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Doom Floors

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I''ve searched everywhere for a fast (any) alogrithm to render floors and celings in my raycasting engine, without success, can anyone help?

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Guest Anonymous Poster
How exactly, are you doing it?

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The usual way I guess, the floor is ray-casted and the walls drawn on top, whatever I do I can't the floor movement to fit the wall movement. The FOV is correct, the scaling constant, view height, everything seems right but it just doesn't quite work.

I thought I would give somebody else's algoritms a go because I'm about to ditch mine.

[edited by - Neoteric on January 25, 2003 11:33:37 AM]

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Guest Anonymous Poster

Before you draw the walls, paint the lower half of the screen your floor color, and the upper part your roof color. That''s what wolfenstein 3d did, and just about every other raycaster I''ve seen does.

But, you say, Doom has better floors that that!

Yeah, because Doom didn''t use raycasting. I''m not sure why there''s this persistent rumor that it did.

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Ray casting was used to draw the textures onto the polygons after they came out of the tree, I assume floors were done similarly.

I think the problem is how I'm handling the fisheye on the ceiling, it seems to distort slightly at the far edges, Just need to figure out exactly what needs fixing. The math seems to work in my head and on paper, but not in practice. It's something obvious though.

(I apologise for the un-optimised speed, example moved to next post)




[edited by - Neoteric on January 29, 2003 11:55:17 AM]

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...the problem is better illustrated when the floor moves...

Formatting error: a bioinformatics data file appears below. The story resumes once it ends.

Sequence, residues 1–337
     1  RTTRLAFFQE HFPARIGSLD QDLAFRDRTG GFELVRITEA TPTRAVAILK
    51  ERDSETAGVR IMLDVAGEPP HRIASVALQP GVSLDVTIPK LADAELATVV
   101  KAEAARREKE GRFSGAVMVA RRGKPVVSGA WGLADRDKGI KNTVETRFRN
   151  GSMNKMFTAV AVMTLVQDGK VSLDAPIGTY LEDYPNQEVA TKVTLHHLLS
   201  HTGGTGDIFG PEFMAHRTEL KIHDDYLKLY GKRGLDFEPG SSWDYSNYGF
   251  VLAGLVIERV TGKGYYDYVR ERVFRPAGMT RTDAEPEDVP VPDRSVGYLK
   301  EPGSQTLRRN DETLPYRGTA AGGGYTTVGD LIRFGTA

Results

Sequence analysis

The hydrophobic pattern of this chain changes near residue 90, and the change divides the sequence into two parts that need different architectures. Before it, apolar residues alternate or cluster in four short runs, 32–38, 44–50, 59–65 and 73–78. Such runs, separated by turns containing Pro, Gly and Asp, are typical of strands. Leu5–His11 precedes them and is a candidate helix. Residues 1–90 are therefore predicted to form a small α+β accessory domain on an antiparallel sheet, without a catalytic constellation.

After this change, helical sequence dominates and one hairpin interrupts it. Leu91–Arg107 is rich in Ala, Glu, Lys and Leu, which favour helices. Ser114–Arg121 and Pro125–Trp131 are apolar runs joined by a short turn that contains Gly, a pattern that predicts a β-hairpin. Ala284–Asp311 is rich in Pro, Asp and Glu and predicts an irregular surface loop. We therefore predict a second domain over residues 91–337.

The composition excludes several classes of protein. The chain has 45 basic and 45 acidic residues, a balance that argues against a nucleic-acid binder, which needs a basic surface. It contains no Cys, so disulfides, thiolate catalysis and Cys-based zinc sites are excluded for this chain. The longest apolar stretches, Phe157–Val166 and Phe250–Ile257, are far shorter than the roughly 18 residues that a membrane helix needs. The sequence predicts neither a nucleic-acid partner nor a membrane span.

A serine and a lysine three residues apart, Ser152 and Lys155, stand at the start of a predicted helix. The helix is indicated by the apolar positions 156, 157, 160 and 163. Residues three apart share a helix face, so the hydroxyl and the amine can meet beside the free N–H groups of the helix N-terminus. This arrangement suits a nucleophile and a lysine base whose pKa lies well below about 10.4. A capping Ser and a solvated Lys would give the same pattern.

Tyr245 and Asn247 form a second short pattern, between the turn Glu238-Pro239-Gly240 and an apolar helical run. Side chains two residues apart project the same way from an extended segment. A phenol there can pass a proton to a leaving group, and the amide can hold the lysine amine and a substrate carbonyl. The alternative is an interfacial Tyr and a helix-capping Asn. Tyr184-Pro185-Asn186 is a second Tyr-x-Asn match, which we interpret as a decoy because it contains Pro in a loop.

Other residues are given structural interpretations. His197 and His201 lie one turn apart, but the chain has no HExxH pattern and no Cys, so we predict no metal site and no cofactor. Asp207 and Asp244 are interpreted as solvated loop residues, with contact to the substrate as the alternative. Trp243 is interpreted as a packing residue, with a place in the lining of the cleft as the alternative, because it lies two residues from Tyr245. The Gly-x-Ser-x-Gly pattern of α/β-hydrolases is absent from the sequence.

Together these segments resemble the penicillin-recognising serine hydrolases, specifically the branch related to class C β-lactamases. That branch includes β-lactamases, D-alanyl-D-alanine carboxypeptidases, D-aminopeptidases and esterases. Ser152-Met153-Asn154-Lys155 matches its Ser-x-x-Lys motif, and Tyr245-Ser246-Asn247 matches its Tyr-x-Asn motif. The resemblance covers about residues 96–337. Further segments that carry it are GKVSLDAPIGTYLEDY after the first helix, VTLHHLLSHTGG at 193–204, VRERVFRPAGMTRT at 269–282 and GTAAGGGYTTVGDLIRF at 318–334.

select the applet and use W,S,A and D to move.

[Edited by - Neoteric on July 1, 2004 9:53:25 AM]

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quote:

Ray casting was used to draw the textures onto the polygons
after they came out of the tree, I assume floors were done similarly.



I don''t think so, the walls were drawn using a column based rasterizer (similar to the final process of ray-casting in 2.5d worlds but not quite). The floors and ceilings were scanline rasterized, making use of the constant-z scanlines coz all the floors were flat.

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quote:
Original post by JuNC
I don't think so, the walls were drawn using a column based rasterizer (similar to the final process of ray-casting in 2.5d worlds but not quite). The floors and ceilings were scanline rasterized, making use of the constant-z scanlines coz all the floors were flat.


I stand corrected.

I was thinking of the beginning of the process, my floors work similarly, I think, but then again i've used sources from all over the place to put that togeather. .

The problem is the field of view is too large on the floor, it should be right, but I'm forgetting something.



[edited by - Neoteric on January 29, 2003 3:56:54 PM]

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Guest Anonymous Poster
>...the problem is better illustrated when the floor moves...
the x of the walls have fisheye disortion

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quote:
Original post by Anonymous Poster
>...the problem is better illustrated when the floor moves...
the x of the walls have fisheye disortion


Wouldn't that make the walls bend when looking straight on? You're right though, they seem to compress around the screen edges. The column scale is worked out like this, with fisheye correction. Am I missing something?